A free rain garden workshop and planting will take place Tuesday, May 21, at Millsboro Civic Center, 322 Wilson Highway. Three demonstration rain gardens will be planted in the islands around the parking lot at Town Hall to capture stormwater before it runs into surrounding streets.
For those who want to learn how to create a rain garden at home, the How to Create a Rain Garden Workshop is scheduled for 10 a.m. until noon. To get hands-on experience and tips from the experts, all are invited to help plant native plants in the three rain gardens from 12:30 until 3 p.m. All participants will receive a booklet with information on planning and planting a rain garden.
The Millsboro Rain Garden project is the sixth demonstration rain garden to be established in the Inland Bays watershed as part of the 1,000 Rain Gardens for the Inland Bays initiative. The first community demonstration rain garden was planted in May 2008 at Millville Town Hall. Since then, demonstration rain gardens have been established in Katie Helm Park in Dagsboro, at Good Earth Market in Clarksville, at City Hall in Rehoboth Beach, at the Bethany Beach Nature Center on Route 26, and coming this spring, at the park behind Town Hall in Fenwick Island. All are open to the public so visitors can see a rain garden, learn about native plants that grow well in them and pick up information so they can create their own.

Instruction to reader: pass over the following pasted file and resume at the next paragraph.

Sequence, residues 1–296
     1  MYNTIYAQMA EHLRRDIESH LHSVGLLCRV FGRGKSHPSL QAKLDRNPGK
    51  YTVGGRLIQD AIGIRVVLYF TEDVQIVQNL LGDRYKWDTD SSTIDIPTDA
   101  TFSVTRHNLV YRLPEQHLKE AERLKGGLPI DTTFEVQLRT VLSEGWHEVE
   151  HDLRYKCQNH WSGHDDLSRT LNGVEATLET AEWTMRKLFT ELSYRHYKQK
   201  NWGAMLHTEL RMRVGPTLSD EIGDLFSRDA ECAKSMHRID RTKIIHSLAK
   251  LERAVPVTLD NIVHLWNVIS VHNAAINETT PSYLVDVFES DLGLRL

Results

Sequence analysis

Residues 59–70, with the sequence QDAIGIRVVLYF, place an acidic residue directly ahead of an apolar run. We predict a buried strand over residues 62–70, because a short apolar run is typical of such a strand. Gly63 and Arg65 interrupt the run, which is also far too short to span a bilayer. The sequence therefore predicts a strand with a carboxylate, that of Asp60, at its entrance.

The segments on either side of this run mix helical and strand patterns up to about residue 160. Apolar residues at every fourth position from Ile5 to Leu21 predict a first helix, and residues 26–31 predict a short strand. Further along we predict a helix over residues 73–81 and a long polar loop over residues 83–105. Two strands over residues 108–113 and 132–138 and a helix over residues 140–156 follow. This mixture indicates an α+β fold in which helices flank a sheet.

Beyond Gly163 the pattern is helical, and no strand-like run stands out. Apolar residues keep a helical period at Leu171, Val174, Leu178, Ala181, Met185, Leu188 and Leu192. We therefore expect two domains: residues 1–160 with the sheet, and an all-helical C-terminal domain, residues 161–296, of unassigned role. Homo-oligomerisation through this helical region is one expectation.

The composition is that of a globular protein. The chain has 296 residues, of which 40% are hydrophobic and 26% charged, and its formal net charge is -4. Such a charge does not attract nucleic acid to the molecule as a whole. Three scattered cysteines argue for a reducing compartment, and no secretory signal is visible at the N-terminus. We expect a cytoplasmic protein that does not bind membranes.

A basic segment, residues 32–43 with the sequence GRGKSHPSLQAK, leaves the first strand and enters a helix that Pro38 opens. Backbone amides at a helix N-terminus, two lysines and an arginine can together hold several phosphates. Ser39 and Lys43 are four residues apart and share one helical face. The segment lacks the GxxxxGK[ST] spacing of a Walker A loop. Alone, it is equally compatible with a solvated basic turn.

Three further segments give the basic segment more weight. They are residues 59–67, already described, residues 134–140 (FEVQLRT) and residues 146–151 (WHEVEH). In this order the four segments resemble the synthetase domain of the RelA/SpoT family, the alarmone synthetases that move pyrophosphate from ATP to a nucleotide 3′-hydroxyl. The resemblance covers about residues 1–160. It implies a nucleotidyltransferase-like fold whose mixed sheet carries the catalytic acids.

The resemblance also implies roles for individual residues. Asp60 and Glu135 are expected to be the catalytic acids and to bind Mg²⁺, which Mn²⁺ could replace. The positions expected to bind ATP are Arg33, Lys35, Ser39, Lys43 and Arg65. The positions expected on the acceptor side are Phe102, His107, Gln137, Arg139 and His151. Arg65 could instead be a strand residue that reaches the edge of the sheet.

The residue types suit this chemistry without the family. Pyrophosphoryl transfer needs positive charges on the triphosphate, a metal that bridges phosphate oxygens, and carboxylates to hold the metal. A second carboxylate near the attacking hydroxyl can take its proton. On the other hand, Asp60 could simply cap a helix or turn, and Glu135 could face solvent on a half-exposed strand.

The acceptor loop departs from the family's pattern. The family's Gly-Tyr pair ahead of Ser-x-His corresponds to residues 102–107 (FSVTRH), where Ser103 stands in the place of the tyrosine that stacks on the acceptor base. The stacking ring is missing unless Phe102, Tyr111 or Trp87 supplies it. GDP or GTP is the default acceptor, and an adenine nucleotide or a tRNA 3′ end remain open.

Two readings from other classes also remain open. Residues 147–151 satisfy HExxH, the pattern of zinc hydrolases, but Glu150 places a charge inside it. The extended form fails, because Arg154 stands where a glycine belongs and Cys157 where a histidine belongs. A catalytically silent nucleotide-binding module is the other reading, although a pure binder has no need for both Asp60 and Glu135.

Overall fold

The event is free, but advance registration is required. Contact Sarah Hilderbrand to register at firstname.lastname@example.org or 410-745-9620.
These gardens are being created through a partnership with the Sussex Conservation District, the Delaware Department of Natural Resources and Environmental Control Division of Watershed Stewardship, the Delaware Center for the Inland Bays and with Environmental Concern, a nonprofit organization in St. Michaels, Md. Funding is being provided by the Rain Gardens for the Bays initiative through the Environmental Protection Agency Clean Water Act, Section 19 program.
A rain garden is a garden with a mission to capture rain water where it falls and keep it off the streets. The Inland Bays, including fishing waters and bathing beaches, are fouled when rainwater and snow melt wash over city streets, parking lots, and suburban lawns and pick up pollutants like gas and oil, salt, fertilizer, pesticides, pet waste, disease-causing organisms, sediment and trash. This problem is called stormwater pollution.
One of just 28 National Estuary Programs, the Center for the Inland Bays is a nonprofit organization established in 1994 to promote the wise use and enhancement of the Inland Bays Watershed through habitat protection and restoration, science and research, education and outreach, and public policy. For more information on the Delaware Inland Bays, visit www.inlandbays.org.